Monthly Archives: January 2013

Patricia Prime Reviews Wind Through the Wheatfields by Beverley George

It’s always a pleasure to post one of Patricia Prime’s reviews, but tonight, the pleasure is even greater, as the review is of a collection by one of our great ambassadors for Japanese forms, Beverley George. If you are not familiar with Beverley’s work, this is a real treat.


WTTWWind through the Wheatfields, tanka by Beverley George writing with friends.  P O Box 37, Pearl Beach, Australia (2012). Pb. 56 pp. ISBN: 978-0-9578831-8-5. AUS$18 / NZ, Japan – AUD$22 (US$22) / UK, US, Canada, Europe – AUD$25 (US$25). Reviewed by Patricia Prime

Wind through the Wheatfields is a collection of tanka responses and tan renga featuring the work of Beverley George with many of the poets with whom she says in her Preface, she has “shared workshops; conferences, meetings; readings; a loved book; a point of view.” The poets come from several countries: Australia, New Zealand, U.S.A., France and South Africa. The book is beautifully illustrated by Pim Sarti and has been designed by Matthew George.

In this volume we see the way in which the challenge facing the contemporary poet writing tanka responses and tan renga forms, that date back to the Japanese Nara and Heian Periods, are currently manifesting themselves. How does one write tanka responses that are still recognizable as such without merely repeating what has already been done by others? And how do you write a tanka response that attempts to address wider issues? In these forms, the poets cover many subjects, from science fiction to beach softball.

The achievement and success of these now very well-known forms, written in many languages world-wide, attract a good following.  Many people are drawn to them as literary exercises, a challenge in conciseness, while others may enjoy the companionship of writing in tandem. The humility and the ambitions are finely balanced in the poems collected here.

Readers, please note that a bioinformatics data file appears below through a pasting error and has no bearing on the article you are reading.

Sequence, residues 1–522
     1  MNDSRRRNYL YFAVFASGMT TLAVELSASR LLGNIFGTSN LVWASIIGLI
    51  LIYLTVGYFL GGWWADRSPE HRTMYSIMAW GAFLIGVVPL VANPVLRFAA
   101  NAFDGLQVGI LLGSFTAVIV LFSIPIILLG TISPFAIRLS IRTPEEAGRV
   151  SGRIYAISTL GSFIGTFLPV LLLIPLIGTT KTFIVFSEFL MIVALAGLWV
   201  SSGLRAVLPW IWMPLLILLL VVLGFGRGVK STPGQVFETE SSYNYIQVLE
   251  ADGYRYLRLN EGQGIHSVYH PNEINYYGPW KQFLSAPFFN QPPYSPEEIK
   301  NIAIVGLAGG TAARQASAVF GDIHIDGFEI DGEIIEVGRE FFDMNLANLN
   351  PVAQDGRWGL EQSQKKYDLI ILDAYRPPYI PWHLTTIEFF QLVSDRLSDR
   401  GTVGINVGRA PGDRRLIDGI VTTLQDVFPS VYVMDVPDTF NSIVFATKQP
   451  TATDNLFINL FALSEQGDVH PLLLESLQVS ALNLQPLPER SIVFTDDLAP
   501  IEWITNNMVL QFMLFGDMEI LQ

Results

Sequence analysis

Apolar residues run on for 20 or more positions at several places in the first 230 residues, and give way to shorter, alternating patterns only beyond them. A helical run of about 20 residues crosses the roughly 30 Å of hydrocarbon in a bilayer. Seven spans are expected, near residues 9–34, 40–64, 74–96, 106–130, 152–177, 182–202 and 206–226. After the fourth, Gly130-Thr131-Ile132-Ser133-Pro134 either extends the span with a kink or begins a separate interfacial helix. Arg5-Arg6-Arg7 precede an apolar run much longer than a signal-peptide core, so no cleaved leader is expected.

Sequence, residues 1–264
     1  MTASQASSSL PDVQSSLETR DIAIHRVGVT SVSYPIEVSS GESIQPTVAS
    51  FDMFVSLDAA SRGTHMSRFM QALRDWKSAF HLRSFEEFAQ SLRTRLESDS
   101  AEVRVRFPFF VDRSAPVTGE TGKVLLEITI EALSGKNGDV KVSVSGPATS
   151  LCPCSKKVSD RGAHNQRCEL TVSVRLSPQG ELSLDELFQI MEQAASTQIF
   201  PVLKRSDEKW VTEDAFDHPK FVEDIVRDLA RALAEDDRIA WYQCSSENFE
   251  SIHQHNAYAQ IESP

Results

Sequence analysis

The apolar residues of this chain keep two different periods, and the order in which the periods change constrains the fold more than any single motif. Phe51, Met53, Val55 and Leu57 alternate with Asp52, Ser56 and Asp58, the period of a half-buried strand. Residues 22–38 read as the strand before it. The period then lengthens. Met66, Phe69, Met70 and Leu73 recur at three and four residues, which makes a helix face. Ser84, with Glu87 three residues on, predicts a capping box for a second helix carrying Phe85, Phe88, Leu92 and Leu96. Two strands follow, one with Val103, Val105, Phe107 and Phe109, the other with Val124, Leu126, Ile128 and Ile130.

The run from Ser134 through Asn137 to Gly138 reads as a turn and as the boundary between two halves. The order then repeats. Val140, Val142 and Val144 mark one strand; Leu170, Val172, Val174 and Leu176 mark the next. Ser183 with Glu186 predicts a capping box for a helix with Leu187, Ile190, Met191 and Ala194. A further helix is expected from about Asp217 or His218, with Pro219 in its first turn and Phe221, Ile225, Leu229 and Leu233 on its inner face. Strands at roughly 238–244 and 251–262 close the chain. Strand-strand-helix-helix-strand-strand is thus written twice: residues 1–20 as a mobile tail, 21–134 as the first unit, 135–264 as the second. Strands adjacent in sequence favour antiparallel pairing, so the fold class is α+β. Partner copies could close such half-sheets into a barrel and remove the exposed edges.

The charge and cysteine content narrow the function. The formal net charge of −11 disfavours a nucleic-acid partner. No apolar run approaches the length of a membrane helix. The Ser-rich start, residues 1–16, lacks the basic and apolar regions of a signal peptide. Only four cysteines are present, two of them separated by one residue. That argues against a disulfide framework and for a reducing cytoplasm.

And the achievements are considerable.  In the first tanka response, between André Surridge and Beverley George, “Refrain”, George summons us all to the circle of friendship with the tanka:

half-circle of old friends
around the mallee-root fire
you reach for something
owned since childhood
read aloud ‘the hums of Pooh’

It is often, as in the responses between Beverley George and David Terelinck, in “Unseen Threads”, a matter of cadences:

synthetic world
of electronic gimmickry –
we tell our tales
by lamplight
our hands touching lightly


a loose thread
on your favourite jumper –
we will never
nurse a grandchild


Delicate syntax and concern with language are evident in the tanka response “Testing the Strength”. The dying-fall sadness of George’s last verse

how can I leave
a world you still Inhabit
my final breath
will ride the wind
without pause to where you are  

is considerably skillful and finds a precise rhythm for the subtlety of what is being said.

What is being “said” in these poems? Is it that we are alone in our own dreams and dramas, as we see in the tan renga “Converging Worlds” by Beverley George and David Terelinck?

thoughts tangle,
willow fronds in wind . . .
we must dream alone
the constant echo
of lessons not quite learned

Or is it that beauty can be found wherever one lives in the world, as we in this verse by Giselle Maya from “The Other Side of Blue”?

 I see the poet
on the far side of the globe
deep in winter
reaching out with words
I paint her in russet hues

Or maybe it is the poets’ personal concerns about family, as we see in the tan renga between the late Janice M. Bostok and Beverley George, “Mother’s Day”:

 picket fence
a group of grey-heads
stealing cuttings
mother’s honey suckle
follows me on moving day

she tries to beat
a computer game score
before an eye operation
grandma’s stories flicker
in fake log-fire flames